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United States v. Rubashkin

United States District Court, Eighth Circuit

October 8, 2013



LINDA R. READE, Chief District Judge.

The matters before the court are the Motion for Order to Show Cause ("Motion") (docket. no 1008) and the Order granting the Motion (docket no. 1013).

Hearings were held on September 23, 2013 at 8:00 a.m. and on October 1, 2013 at 10:00 a.m. before the undersigned. The court made oral findings on the record that are now incorporated into this Order.

The government filed the Motion, alleging that Shalom Rubashkin's family members, lawyers and investigators violated Local Rule 47 (made applicable to criminal case by Local Rule 24.1), which provides:

Except by leave of court, no party or lawyer, and no other person acting on their behalf, may contact, interview, examine or question any trial juror or potential trial juror before, during or after a trial concerning the juror's actual or potential jury service.

L.R. 47.

At the hearing held on September 23, Attorney Guy Cook and an unnamed associate lawyer of the law firm of Grefe and Sidney, P.L.C., Des Moines, Iowa and others acting on behalf of Shalom Rubashkin, including family members and attorney James R. Wyrsch of the law firm of Wyrsch, Hobbs & Mirakian, P.C., St. Louis, Missouri were found by the court to have violated Local Rule 47. Both attorneys acknowledged they were aware of Local Rule 47. Mr. Cook, who claims to be an expert in federal criminal procedure, argues that he heard the undersigned give the attorneys permission to contact jurors when the jury was discharged after the verdict was read in open court. Mr. Wyrsch stated he relied on Mr. Cook's representations that the court had given the lawyers permission to contact the jurors after the verdict. Mr. Wyrsch also made a secondary argument that he relied on the local rules in the District of South Dakota.[1] Mr. Wyrsch clarified that he did not condone family members of Mr. Rubashkin contacting jurors by showing up at their homes and that he did not know this was being done.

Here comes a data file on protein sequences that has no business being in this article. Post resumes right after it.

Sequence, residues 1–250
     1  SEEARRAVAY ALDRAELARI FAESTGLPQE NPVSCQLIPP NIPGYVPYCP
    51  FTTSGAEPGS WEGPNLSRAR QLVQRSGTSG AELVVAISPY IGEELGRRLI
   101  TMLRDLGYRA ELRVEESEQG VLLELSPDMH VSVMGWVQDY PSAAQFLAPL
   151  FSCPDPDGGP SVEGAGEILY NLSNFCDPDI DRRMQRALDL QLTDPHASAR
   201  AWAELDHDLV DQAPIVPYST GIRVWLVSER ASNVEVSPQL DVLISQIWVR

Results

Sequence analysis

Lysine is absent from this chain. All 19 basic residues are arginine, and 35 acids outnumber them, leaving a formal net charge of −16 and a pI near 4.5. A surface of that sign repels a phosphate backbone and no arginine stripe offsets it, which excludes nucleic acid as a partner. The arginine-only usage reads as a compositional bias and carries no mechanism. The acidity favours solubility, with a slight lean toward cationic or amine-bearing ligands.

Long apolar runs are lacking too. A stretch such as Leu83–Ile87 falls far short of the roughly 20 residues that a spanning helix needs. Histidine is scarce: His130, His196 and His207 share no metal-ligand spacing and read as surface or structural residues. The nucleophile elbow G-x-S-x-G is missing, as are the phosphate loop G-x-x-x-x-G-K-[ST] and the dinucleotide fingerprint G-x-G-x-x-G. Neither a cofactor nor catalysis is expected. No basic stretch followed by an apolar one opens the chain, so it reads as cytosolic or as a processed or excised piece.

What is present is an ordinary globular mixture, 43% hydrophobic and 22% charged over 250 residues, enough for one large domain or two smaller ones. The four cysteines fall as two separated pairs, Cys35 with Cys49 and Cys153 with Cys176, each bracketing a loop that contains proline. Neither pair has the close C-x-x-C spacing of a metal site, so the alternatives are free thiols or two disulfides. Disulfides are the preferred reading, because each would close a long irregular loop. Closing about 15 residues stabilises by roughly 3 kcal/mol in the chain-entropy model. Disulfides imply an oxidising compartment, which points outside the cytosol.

The reason behind Local Rule 47, which has existed for decades and has been approved by all of the district court judges of the both the Northern and Southern Districts of Iowa for decades, is to protect jurors from harassment by parties or their lawyers who are dissatisfied with the jury's verdicts. The jurors in this case were entitled to the protection of Local Rule 47. They listened carefully to the evidence and arrived at a thoughtful verdict that was fully supported by the evidence. Unfortunately, the jurors in this case were not accorded the protection of the Local Rule 47 because defense attorneys, family members of Mr. Rubashkin and investigators working on behalf of Mr. Rubashkin wholly ignored it.